Court Clarifies that Projects Consistent with Adopted Plans or Zoning May be Exempt from CEQA

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A Court of Appeal recently issued a decision on an important provision that exempts qualifying projects consistent with general plans, community plans, or zoning from environmental review under the California Environmental Quality Act (“CEQA”), or reduces the scope of such reviews.  Although this provision is often overlooked by project applicants, cities, and counties, it should always be considered in evaluating the CEQA compliance strategy for projects consistent such plans or zoning.

Background: County Considers Application for a Project Consistent with General Plan

The new decision is Hilltop Group, Inc., et al. v. County of San Diego et al. (Fourth District Court of Appeal Case No. D081124, published February 16, 2024).  In Hilltop, the court held that a proposed recycling facility was exempt from CEQA review because the project met the requirements in Public Resources Code section 21083.3 and CEQA Guidelines section 15183 (collectively, “Guideline 15183”). Section 15183 exempts from additional environmental review any project that is consistent with either the development density established by existing zoning or a community plan, or with an existing general plan, for which an environmental impact report (“EIR”) was previously certified, with limited exceptions.  Those exceptions, which defeat the use of this exemption, are (1) the existence of project-specific impacts “peculiar” to the project or its site, (2) a significant impact not evaluated in the prior EIR on the plan or zoning (3) significant off-site or cumulative impacts not evaluated in the prior EIR, and (4) a showing that previously identified impacts are more severe based on new information not known when the prior EIR was certified.  If any such peculiar or new impacts can be mitigated to a less than significant level by application of uniformly applied development policies or standards, those impacts will not defeat the use of the Guideline 15183 exemption and a further EIR is not required.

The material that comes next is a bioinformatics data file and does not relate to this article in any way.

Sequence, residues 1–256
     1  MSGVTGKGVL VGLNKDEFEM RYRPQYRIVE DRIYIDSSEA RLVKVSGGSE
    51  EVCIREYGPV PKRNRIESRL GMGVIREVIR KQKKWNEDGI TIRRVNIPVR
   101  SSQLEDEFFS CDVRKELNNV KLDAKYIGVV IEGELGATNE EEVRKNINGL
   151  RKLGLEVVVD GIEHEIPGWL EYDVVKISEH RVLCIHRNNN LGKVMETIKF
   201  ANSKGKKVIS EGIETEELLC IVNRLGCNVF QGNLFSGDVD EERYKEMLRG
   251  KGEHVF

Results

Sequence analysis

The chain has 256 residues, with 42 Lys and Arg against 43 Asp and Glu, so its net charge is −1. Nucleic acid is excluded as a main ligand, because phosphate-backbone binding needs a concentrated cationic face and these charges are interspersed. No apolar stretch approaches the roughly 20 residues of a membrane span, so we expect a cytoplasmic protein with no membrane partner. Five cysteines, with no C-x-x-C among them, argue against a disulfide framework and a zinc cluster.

The Hilltop decision not only demonstrates the importance of considering the Guideline 15183 exemption in initially planning a project’s CEQA compliance, but also demonstrates that the Guideline 15183 exemption can be used even when an applicant and an agency have initially commenced preparation of an EIR and supporting studies.  In this case, a proposed recycling facility was consistent with the County’s industrial land use designation, and the County had prepared a programmatic EIR when it adopted the governing general plan.  When the developer submitted its application for the recycling facility, the County initially required the developer to submit a draft EIR and numerous supporting technical studies.  As the EIR process was underway, however, it became clear that the project did not have any peculiar or site-specific significant environmental impacts. Instead, the impacts of the project had all been adequately considered at a general level in the general plan EIR and uniformly applied development standards would reduce project-specific impacts below applicable significance thresholds.  Based upon that, County staff prepared a Guideline 15183 checklist (a type of form used by a number of cities and counties) to demonstrate that the project was consistent with the development permitted by the GPU and had no project-specific impacts.